Looking back, Cropper says that if he knew then what he knows now, he would have taken out a patent, but he was under the (mistaken) belief that he couldn’t patent a process. So instead, he manufactured the machines and asked customers to keep its process secret. It was a unique machine, producing better quality, softer Teflon tape than anyone thought possible. In fact Cropper believes a UK company attempted industrial espionage – sending someone to work for him to find out all about its manufacture and methods.

In 1968, Cropper sold one of his machines to a US company – the Budd Company. He contractually bound them to secrecy, but the folks at Budd consulted with a third party about how they might make Cropper’s machine more effective, and there is some suggestion that secrets were leaked.

Not making the same mistake, in the early 1970s Gore filed for a patent for his process and the product, and it was granted. He set about commercialising and marketing Gore-Tex and it quickly became clear it was going to be a big money spinner. The US Army – and your dad – had been hunting for a lightweight, waterproof, breathable material for years.

In 1979, Gore found out that another company (Garlock) had been using the Cropper-invented machine to churn out an alternative product to Gore-Tex, and sued them for breach of patent. Garlock, using Budd’s machine and Cropper’s invention, defended the suit, claiming that Cropper was the original inventor of the ePTFE process so they had a right to make it. The US courts originally sided with Budd and Cropper, saying it was clear that the process was first created by Cropper. However, with so much at stake and a legal case to make, Gore appealed the decision, and the US Court of Appeals, after much debate, many expert witnesses and an examination of the facts, overturned the original finding. They essentially found that because Cropper had kept his invention a secret, he had no rights when someone else created their version of the product. In fact, by continuing to create the alternative product, Garlock were now infringing on Gore’s patent, and they were forced to stop. Gore was legally recognised as the inventor of ePTFE, and went on to win awards in recognition of ‘his invention’. Cropper kept on working, among other things making parts for Fisher & Paykel and inventing a new type of macadamia nutcracker, but he can’t help wondering what might have happened if he’d known a little more about patent law at the time.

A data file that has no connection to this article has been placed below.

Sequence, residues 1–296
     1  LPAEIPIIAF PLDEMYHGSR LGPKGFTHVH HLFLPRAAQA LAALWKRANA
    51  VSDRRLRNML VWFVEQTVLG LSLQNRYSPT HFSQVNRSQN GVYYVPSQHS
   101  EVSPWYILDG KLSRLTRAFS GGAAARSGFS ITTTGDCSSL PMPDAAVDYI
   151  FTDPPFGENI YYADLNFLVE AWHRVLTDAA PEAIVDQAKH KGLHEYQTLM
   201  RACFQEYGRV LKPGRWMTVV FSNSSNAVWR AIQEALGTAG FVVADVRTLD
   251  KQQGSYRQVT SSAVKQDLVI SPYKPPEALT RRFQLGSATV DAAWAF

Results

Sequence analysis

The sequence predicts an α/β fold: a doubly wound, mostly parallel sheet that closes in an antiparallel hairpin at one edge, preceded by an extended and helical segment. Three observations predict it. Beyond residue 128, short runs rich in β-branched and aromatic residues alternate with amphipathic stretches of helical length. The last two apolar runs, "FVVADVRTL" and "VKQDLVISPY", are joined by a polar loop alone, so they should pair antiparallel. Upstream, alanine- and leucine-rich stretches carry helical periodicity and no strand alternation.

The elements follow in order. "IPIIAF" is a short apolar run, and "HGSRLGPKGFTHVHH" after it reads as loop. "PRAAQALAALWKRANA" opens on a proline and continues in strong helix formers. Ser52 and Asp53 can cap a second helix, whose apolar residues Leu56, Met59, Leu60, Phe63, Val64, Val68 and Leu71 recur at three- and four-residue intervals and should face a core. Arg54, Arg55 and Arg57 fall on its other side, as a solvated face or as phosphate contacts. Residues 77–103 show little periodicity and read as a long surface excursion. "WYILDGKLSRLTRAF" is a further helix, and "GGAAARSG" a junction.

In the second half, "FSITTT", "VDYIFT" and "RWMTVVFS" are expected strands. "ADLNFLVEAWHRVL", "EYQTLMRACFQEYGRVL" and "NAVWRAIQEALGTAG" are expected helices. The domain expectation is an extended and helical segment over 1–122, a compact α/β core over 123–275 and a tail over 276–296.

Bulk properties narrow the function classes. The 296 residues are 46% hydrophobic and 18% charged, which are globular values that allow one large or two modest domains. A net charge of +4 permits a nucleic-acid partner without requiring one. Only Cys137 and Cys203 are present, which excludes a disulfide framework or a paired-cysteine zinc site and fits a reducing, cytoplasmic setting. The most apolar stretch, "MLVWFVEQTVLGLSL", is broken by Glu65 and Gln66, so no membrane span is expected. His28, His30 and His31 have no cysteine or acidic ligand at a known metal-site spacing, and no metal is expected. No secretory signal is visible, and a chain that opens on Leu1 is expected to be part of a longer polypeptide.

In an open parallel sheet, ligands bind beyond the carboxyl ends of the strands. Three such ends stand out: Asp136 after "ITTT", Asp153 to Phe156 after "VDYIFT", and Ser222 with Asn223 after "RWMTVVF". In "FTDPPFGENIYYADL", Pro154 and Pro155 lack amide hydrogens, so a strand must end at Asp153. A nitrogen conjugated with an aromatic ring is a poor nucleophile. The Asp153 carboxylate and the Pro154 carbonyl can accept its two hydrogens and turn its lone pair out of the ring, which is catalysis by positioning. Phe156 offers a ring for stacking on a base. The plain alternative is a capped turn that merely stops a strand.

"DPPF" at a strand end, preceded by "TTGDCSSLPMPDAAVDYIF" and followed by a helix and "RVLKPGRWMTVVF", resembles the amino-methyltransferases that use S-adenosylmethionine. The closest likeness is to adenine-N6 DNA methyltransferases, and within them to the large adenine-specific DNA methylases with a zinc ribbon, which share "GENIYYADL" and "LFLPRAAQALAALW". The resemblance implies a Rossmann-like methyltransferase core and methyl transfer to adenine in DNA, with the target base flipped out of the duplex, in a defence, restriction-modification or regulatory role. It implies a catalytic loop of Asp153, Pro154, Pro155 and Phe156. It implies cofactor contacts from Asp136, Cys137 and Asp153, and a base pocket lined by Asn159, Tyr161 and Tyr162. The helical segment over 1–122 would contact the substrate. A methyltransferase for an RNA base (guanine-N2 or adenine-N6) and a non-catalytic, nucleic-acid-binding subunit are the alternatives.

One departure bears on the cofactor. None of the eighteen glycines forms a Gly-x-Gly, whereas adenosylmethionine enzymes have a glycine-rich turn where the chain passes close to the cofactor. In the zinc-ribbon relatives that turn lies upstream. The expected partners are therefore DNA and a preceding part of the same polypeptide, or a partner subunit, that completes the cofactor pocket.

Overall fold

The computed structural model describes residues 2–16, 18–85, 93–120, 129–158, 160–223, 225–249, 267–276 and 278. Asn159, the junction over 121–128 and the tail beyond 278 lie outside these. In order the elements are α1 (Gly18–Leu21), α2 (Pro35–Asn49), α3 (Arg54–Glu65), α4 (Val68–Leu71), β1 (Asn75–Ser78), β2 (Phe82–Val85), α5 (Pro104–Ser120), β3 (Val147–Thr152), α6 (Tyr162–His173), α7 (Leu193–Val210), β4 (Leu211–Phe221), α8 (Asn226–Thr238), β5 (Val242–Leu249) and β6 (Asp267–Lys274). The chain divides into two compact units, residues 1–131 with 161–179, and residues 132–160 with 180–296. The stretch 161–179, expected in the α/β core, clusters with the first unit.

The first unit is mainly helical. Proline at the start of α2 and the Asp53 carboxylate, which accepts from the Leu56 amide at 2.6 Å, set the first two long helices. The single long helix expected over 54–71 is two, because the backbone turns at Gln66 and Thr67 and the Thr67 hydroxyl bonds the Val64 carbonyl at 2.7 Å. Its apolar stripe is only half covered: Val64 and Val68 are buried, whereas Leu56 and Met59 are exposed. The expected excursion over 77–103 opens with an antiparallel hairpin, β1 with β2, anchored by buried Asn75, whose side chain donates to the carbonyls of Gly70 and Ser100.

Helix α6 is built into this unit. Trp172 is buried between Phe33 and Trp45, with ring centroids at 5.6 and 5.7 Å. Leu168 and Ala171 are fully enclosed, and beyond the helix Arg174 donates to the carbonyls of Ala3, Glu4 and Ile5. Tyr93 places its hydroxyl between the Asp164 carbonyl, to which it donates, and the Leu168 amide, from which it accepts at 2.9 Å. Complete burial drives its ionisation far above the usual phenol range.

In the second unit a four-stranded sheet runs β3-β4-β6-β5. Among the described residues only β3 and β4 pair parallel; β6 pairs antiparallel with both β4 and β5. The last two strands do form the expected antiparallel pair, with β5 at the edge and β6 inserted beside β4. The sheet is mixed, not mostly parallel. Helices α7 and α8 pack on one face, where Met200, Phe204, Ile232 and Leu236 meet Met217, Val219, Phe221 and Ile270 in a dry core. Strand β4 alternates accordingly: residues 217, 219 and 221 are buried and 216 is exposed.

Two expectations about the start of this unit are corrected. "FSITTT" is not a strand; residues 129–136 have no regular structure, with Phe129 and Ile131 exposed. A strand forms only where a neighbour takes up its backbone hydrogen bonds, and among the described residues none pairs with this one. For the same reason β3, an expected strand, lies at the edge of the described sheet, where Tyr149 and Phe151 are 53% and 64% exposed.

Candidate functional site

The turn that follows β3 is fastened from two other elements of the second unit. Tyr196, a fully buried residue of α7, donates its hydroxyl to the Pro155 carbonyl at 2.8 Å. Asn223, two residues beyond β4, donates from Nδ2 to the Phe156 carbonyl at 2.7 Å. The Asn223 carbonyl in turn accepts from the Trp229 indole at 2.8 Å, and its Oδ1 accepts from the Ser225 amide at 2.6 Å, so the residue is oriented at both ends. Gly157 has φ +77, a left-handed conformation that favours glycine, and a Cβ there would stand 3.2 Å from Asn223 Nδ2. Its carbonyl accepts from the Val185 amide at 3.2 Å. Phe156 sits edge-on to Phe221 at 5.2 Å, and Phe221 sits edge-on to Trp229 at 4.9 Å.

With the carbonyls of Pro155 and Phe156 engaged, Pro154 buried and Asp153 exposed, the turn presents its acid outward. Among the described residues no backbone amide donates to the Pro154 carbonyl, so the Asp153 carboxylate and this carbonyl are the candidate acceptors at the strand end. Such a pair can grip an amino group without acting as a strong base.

You might call foul here, and try to make an argument that Cropper was hard done by – perhaps he was, and New Zealand missed out on the multibillion dollar industry that Gore-Tex became. Fundamentally, though, it’s a lesson that while creating the original invention is important, equally important is how you set about commercialising and protecting your idea. Without careful consideration of the right approach, you too might come a Cropper.

More Information

More detail on the court case